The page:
Common Classroom: The Common Sense Education Blog
Stay Connected to Common Sense Media for Educators
Why We Should Teach Kids How the Web Works
More and more experts are arguing that today’s students must learn computer programming, and, more specifically, how to use HTML code in order to be fully literate. Coding, a skill that may seem daunting to some of us, has become a literacy of its own—one that some think should be taught to students as early as elementary school.
“If you close your eyes and think about the world 10 years from now, it will be completely different,” said Krishna Vedati, CEO and cofounder of Plusmo Inc., among several other start-up tech companies. Vedati, who emigrated to the U.S. from India in 1991 and received his master’s degree in computer science, is a passionate proponent of teaching kids how to code. He sent his nine-year-old son to coding camp at Stanford University.
“Kids will have computing everywhere,” Vedati said in a recent interview with Venture Beat writer Jolie O’Dell. “Doctors will be using computing to make decisions. Jobs will require more technology. … The new jobs that will be created won’t be just programming jobs. But can you think about organizing data? Information and computation is coming to every field.” This is precisely why O’Dell and others are saying young students everywhere can benefit from learning how to code.
Vedati isn’t just personally invested either. He recently cofounded another program, Tynker, which teaches grade-schoolers the building blocks of coding using games and puzzles. According to Vedati, Tynker also incorporates the STEM content that students are already learning in schools.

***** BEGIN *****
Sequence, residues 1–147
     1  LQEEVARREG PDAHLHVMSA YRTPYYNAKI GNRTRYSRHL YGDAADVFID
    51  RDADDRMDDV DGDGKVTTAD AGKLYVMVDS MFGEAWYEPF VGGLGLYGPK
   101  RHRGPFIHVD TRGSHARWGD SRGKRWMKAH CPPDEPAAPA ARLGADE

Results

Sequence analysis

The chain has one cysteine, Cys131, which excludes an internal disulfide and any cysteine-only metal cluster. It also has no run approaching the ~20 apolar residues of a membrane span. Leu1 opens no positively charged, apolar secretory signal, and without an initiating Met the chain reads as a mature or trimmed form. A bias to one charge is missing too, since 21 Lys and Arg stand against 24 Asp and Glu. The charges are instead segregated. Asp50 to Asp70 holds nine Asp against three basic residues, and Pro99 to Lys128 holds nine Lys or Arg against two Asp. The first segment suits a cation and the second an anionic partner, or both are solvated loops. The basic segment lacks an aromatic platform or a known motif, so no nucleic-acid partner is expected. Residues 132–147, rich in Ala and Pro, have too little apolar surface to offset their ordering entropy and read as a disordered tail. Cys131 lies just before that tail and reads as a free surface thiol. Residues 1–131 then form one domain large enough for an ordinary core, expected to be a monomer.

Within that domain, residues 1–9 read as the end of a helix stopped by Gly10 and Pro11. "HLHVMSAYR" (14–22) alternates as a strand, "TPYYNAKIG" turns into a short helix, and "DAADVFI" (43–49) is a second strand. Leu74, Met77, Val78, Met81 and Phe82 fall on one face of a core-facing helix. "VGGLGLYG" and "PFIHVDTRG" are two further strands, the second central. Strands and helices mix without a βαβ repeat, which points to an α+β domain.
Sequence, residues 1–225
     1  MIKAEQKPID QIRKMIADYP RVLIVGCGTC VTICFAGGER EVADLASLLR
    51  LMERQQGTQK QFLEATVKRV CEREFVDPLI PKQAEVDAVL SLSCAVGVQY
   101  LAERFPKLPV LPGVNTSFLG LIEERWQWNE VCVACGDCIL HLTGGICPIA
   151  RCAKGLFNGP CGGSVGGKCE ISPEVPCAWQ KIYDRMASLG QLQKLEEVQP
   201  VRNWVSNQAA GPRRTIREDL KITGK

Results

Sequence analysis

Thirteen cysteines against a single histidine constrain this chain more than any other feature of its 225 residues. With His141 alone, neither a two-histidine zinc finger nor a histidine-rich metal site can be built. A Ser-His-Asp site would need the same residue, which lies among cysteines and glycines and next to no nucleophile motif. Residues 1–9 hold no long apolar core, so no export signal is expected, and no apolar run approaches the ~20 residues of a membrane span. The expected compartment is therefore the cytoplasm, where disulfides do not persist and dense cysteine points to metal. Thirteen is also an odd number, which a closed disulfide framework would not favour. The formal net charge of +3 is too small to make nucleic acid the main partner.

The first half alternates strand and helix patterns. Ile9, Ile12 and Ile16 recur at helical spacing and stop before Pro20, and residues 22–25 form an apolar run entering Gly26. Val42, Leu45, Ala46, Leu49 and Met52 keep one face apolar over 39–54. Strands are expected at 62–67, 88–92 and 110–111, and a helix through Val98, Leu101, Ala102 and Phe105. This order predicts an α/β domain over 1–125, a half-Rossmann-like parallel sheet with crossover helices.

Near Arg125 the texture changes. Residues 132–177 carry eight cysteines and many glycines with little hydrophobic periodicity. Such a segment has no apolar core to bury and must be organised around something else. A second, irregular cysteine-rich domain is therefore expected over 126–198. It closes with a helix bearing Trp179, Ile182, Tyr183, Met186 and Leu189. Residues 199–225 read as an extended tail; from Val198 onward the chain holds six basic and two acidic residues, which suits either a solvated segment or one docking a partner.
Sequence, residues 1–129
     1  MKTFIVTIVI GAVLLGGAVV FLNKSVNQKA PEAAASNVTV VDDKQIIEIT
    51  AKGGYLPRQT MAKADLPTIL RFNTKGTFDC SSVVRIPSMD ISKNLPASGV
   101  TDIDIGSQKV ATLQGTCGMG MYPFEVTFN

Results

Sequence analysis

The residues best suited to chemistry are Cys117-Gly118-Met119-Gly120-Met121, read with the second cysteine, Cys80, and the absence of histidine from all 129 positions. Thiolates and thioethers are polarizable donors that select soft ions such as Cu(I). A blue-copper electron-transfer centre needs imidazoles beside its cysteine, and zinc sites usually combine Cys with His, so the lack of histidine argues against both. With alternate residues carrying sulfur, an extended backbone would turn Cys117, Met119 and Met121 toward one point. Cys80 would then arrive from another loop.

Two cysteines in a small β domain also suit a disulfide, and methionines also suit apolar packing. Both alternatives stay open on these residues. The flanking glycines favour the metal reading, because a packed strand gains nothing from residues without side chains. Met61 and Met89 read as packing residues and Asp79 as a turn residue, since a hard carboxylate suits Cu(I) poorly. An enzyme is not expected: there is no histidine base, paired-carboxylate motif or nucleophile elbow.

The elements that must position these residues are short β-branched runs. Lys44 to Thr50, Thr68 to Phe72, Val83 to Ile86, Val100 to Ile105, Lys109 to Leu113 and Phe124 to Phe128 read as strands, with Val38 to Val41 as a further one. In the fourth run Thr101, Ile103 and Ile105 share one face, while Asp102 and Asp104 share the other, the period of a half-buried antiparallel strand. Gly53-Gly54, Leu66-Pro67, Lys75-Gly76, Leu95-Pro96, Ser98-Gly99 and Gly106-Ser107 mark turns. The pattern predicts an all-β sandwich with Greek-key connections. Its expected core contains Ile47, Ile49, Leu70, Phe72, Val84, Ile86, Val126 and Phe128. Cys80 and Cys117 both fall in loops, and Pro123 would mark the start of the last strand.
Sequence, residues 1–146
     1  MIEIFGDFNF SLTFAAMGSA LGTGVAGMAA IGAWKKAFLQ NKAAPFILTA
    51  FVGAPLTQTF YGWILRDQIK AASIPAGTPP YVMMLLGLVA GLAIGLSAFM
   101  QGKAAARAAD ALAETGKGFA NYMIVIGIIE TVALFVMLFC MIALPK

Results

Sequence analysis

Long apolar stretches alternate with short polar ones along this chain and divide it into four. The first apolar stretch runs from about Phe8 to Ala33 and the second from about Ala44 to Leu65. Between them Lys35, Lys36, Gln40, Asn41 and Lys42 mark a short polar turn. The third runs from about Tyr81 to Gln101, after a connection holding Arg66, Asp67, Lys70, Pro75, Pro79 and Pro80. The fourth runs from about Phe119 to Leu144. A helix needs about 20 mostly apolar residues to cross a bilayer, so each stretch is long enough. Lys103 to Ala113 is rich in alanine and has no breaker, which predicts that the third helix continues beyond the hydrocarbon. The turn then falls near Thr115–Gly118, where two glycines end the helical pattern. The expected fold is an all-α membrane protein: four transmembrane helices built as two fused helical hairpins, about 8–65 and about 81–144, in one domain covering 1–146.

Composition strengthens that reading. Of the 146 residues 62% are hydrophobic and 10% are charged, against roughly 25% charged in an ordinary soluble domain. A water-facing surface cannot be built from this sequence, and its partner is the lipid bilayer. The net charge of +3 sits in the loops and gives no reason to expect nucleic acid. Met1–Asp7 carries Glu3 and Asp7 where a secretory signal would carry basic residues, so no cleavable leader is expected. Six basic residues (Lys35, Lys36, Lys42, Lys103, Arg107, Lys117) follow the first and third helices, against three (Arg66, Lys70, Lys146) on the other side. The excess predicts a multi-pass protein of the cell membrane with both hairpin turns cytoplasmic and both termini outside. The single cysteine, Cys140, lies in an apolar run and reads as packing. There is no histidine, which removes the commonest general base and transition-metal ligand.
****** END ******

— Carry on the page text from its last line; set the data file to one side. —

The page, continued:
O’Dell explained the basics of the program:
So to start kids out, Tynker focuses on the more important but more basic concepts all programming languages have in common, like how loops work, how to solve computing problems, and how to order and structure tasks for machines.
The platform contains additional tools as well. Lesson plans, interactive tutorials, lesson-creating tools, and software that allow educators to assign and grade projects are all free features of Tynker, which is available for teachers, schools, and districts. O’Dell also reported that the Tynker team is currently looking into analytics and other advanced features that could be extremely useful to school districts looking to better track their STEM progress.
Vedati’s Tynker may be one of the first to specifically target elementary and middle school students, but it’s certainly not the only one invested in teaching students how to code. Mozilla’s webmaker tools are specifically designed to explain how the web works to both students and educators, and some of their tools, like Popcorn Maker, are specifically designed to teach kids how to hack.
Like any other language taught in schools, coding is the language of the web, and is just one of the many facets of digital media that could be beneficial for students to learn at a young age. Hopefully, with the influx of programs like Tynker, Mozilla’s webmaker tools, and others, coding will become a more ubiquitous and accessible subject for kids to tap into inside the classroom, at home, or with their peers.
For more watch this great video that's been making the rounds from Code.org, a nonprofit dedicated to growing computer science education.